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Serenity and all the images you see in this review are owned by Aviron Pictures

Directed by Steven Knight

Independent of the movie itself, I’d just like to say that this is PROBABLY the worst January I’ve had in quite a few years.  Not only did I get the flu which knocked me out of commotion for about a week, I THEN got a really nasty cold that I’m dealing with right now as I try to push through the fog and sinus congestion to try and create cogent points about this movie which certainly could use a much clearer head to talk about.  Seriously, we started the month off right with a crappy horror film and a Shyamalan Greatest Hits piece, but now we’re getting THIS utterly absurd art piece!?  It’s way too early in the year and I’m way too sick to stay all that coherent, but maybe that’s the best way to truly experience this movie which, after all feels like a total fever dream!  Is this movie as good as everyone says and its qualities can shine through even if I saw it under less than ideal conditions, or was this the last thing I should have gone out to see when I barely had my wits about me?  Let’s find out!!

Baker Dill (Matthew McConaughey) is a fisherman on the small island of Plymouth who works with his friend Duke (Djimon Hounsou) to take rich jerks out on the ocean so they can catch big fish to brag about on Instagram or whatever.  Mostly he does this so that he can pay for the OTHER days he’s on the ocean looking for… HIM.  You know who I’m talking about!  That ONE FISH that has eluded our hero and has occupied all his thoughts since… THE INCIDENT.  After yet another unsuccessful chase for his Great White Whale, which is actually just a big Tuna Fish, he is greeted by his ex-wife Karen (Anne Hathaway) who has somehow tracked him down to this nowhere island and wants to make him an offer.  You see, Karen has since married this total monster named Frank (Jason Clarke) who abuses her as well as the son she had with Baker before they split up (Rafael Sayegh), but she can’t simply divorce him or run away because the guy has some serious mob connections.  For ten million dollars as well as ensuring that his son no longer grows up in an abusive household, she wants him to take Frank out on a fishing trip and throw him overboard.  Seems simple enough, but there’s a whole lot of grey area for things to go wrong and Baker is quite hesitant to carry out his ex-wife’s dirty work.  However, there might be more going on than meets the eye as this latest bit of drama seems to have stirred up something on the island of Plymouth that Baker either never noticed or chose to ignore before now; not to mention the sudden appearance of some dude in a suit (Jeremy Strong) who REALLY wants to get a sit down meeting with Baker about something urgent.  Is Karen being completely truthful about what is that she wants Baker to do, and can Baker pull off such a scheme if he needs to?  What is it that’s suddenly so off putting about the island, and is it in some way connected to the sudden reappearance of his ex-wife?  Just how many video essays will be made about the DEEP MEANING of this movie, and how many will actually make sense!?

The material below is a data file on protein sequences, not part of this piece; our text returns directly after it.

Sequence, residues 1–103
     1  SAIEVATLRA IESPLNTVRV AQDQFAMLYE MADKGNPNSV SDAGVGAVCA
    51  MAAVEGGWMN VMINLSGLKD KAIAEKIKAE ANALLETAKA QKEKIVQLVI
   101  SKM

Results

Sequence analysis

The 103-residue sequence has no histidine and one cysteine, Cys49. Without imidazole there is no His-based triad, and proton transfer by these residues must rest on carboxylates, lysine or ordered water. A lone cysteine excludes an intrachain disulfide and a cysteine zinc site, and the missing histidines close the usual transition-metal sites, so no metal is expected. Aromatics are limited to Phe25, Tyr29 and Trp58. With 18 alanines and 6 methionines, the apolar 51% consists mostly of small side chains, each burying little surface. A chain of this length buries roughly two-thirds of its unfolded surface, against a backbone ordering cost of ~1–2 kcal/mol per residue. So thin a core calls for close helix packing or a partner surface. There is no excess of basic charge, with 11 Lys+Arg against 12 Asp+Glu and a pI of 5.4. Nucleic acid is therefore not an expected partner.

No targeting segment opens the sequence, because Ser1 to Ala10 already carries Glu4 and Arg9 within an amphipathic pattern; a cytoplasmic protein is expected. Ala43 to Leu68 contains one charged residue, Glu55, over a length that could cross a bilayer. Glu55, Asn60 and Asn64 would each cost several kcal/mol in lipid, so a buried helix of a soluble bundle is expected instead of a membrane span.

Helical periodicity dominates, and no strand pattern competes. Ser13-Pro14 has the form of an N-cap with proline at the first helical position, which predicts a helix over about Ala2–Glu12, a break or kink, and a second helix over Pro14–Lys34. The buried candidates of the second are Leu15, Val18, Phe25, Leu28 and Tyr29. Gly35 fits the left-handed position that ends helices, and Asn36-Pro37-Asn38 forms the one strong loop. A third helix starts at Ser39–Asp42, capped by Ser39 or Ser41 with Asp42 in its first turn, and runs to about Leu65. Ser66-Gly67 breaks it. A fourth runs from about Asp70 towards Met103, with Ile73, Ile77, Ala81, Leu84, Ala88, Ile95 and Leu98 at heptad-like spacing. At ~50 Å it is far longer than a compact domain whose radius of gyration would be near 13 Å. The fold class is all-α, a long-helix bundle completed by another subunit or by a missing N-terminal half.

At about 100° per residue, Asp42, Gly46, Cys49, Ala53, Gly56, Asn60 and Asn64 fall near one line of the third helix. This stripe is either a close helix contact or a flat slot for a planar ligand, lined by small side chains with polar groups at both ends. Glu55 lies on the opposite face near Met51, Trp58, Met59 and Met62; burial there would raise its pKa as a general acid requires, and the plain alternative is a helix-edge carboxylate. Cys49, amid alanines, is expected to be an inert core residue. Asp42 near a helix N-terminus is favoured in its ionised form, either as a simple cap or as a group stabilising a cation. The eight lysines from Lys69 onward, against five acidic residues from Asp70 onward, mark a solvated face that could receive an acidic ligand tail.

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“ALL WE ARE IS DUST IN THE WIND!!”

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Cinema Dispatch: Aquaman

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Aquaman and all the images you see in this review are owned by Warner Bros Pictures

Directed by James Wan

Well I guess this is one way to put 2018 to a close.  It’s been over a year since the last DCCU film stumbled into theaters and failed to make back the ludicrous amount of money put into it, but since Warner Bros hasn’t given up just yet on turning their superheroes into box office gold (it worked for Wonder Woman at least!), we’re getting at least one more stab at making this initial run of movies work before moving onto what MIGHT be an entirely new continuity with Shazam next year along with another Wonder Woman movie.  With nothing left in the tank and one more Hail Mary left to go, can Warner Bros and DC knock it out of the park as the year is coming to a close?  Let’s find out!!

Following the events of Justice League, Arthur Curry (Jason Momoa) is just chilling with his dad (Temuera Morrison) and saving the occasional submarine from pirates.  After a recent successful venture that left one particular pirate named David Kane (Yahya Abdul-Mateen II) rather ticked off with our sub-nautical super hero, Arthur figured he’d just hang out at the bar for a bit before passing out somewhere.  Sadly rest and booze is not in the cards at the moment as a fellow mer-person named Mera (Amber Heard) who we saw briefly in Justice League shows up to Warn Arthur that war is brewing and he’s the only one who can stop it.  To explain this, we’ll need to do a bit of a FLASHBACK to the mid-eighties where his father Thomas and his mother first met.  His mother JUST SO HAPPENED to be the runaway princess Atlanna of the Kingdom of Atlantis (Nicole Kidman) and fell in love with Thomas which eventually led to Arthur being born.  However, after an attack from Atlantian soliders, Atlanna decides to go back to protect Arthur and become the bride of some dude who gets her pregnant and then chucks her into some dark hole in the sea after their son is born.  Said son Orm (Patrick Wilson) is the current king of Atlantis and is consolidating power with the other mer-people tribes including the one that Mera belongs to which is ruled by her father Nereus (Dolph Lundgren).  Did you get all that?  Good, well Orm’s plan is to take over Surface World with an army of mer-people, but since Arthur is part of Atlantian Royalty by birthright, he can challenge Orm to the throne and turn around his expansionist policies before Surface World has to start nuking the ocean.  Okay, so if Arthur wants to save the world (which he’s not too keen on but begrudgingly accepts) he has to stage a coup of some sort and convince the Atlantians of his right to rule.  How the heck is he gonna do that!?  Well, that’s where this other guy Nuidis (Willem Dafoe) comes in as he’s Orm’s head Vizier but has secretly been training Arthur this whole time and has a plan for him.  Okay, MORE backstory.  To sum it up, the first Atlantian King had a super powerful trident and if Arthur can find it, then his claim to rule will be that much more legitimate.  Find the trident, avoid Orm’s army, and steer clear of that David guy who has a serious grudge now and may even have access to Atlantian technology to boot.  Sounds reasonable enough, especially with Mera helping him out the whole time!  Can Arthur solve the mysteries of his people’s past and find the one thing that will make him the ruler he was born to be?  Even if he does find it, can he truly be a leader to these people given that he’s of both Surface World AND Water World lineage?  Will he say MY MAN at least once in the movie!?  Just once!  It’s all I ask!!